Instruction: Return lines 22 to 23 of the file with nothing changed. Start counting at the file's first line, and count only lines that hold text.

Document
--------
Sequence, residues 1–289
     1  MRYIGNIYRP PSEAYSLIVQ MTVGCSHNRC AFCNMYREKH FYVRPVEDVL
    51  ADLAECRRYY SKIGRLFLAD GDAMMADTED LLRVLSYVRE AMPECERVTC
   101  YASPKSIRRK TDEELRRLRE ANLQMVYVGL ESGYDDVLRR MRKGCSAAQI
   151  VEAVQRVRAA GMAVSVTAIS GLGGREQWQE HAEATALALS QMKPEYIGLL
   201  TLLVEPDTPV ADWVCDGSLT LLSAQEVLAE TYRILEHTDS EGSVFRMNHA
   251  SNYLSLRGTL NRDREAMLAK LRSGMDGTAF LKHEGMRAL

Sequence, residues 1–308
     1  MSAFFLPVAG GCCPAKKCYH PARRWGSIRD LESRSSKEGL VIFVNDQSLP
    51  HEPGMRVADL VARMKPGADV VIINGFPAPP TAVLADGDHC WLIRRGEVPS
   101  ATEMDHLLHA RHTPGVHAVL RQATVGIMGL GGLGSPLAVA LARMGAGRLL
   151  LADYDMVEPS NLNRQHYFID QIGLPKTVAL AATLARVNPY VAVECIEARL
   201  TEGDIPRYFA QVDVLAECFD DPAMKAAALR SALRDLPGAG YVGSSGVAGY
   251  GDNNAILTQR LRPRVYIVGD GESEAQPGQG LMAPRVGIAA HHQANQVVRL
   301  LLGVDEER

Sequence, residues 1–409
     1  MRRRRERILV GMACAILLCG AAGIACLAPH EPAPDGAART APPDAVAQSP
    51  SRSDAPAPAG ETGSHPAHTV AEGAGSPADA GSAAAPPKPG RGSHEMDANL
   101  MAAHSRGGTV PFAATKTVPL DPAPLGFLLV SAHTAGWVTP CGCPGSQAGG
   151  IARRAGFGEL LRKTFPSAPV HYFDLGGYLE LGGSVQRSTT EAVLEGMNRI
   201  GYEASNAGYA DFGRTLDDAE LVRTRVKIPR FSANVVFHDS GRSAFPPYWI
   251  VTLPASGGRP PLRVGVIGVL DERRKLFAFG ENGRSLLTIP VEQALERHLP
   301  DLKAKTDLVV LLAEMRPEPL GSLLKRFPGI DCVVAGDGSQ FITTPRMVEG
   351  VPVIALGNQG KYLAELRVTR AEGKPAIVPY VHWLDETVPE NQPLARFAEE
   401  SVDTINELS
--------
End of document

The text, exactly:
   251  VTLPASGGRP PLRVGVIGVL DERRKLFAFG ENGRSLLTIP VEQALERHLP
   301  DLKAKTDLVV LLAEMRPEPL GSLLKRFPGI DCVVAGDGSQ FITTPRMVEG